Party officials mull revamp of election broadcast protocol

A review of the system of party election broadcasts is to be carried out in the wake of last week’s general election.

A review of the system of party election broadcasts is to be

carried out in the wake of last week’s general election.



Broadcasters and party officials believe the 70-year-old system is out

of date and must be overhauled. The options for change include allowing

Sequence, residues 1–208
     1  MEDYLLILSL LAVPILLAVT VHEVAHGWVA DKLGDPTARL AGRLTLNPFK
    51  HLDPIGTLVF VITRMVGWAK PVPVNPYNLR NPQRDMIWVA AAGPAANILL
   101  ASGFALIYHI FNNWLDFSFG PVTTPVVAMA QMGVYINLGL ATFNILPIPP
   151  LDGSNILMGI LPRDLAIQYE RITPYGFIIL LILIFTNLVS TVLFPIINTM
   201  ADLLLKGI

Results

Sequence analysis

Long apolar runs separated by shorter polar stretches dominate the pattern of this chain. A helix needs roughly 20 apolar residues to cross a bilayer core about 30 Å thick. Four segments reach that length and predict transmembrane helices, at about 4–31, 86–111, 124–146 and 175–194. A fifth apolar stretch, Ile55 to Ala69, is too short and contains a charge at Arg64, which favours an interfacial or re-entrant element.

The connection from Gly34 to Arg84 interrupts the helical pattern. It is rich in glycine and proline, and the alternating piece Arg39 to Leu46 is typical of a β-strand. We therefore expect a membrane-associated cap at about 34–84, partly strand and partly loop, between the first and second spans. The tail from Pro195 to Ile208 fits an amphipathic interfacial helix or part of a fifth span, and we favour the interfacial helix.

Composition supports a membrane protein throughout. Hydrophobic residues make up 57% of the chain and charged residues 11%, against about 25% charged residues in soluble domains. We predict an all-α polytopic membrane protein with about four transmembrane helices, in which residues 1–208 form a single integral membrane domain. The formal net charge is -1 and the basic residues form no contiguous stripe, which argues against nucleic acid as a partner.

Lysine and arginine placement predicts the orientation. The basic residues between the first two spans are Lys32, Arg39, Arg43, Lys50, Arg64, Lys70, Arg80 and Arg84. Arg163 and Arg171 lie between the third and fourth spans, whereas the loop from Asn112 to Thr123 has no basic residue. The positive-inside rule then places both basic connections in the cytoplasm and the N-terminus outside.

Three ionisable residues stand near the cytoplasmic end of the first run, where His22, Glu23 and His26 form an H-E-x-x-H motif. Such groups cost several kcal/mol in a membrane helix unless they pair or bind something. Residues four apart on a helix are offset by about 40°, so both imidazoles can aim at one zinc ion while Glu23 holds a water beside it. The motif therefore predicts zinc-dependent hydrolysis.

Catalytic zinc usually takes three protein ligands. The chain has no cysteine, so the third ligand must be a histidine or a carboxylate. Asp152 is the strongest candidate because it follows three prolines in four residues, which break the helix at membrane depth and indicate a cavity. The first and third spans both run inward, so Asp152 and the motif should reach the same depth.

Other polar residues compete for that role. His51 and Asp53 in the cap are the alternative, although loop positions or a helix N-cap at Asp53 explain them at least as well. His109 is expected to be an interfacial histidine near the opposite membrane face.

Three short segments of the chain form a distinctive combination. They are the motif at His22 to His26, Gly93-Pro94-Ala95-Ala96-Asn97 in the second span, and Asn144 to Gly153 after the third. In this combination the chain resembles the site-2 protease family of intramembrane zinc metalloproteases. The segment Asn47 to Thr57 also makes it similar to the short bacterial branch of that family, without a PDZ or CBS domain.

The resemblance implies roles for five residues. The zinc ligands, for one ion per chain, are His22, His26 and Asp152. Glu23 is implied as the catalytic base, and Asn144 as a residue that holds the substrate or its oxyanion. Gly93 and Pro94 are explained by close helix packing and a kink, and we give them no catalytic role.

political parties to buy airtime up to limits laid down by law and

scrapping the rule which grants one five-minute broadcast to any party

contesting at least 50 seats.



Broadcasters are worried that the 50-seat rule encourages fringe parties

to contest elections just to get the exposure of a broadcast. In the

1997 campaign, slots were given to the Referendum Party, the Natural Law

Party, the Greens, Authur Scargill’s Socialist Labour Party, the UK

Independence Party, the British National Party, the Pro-Life Alliance

and the Liberal Party (which is separate from the Liberal

Democrats).



The BBC will oppose any switch to party political commercials.



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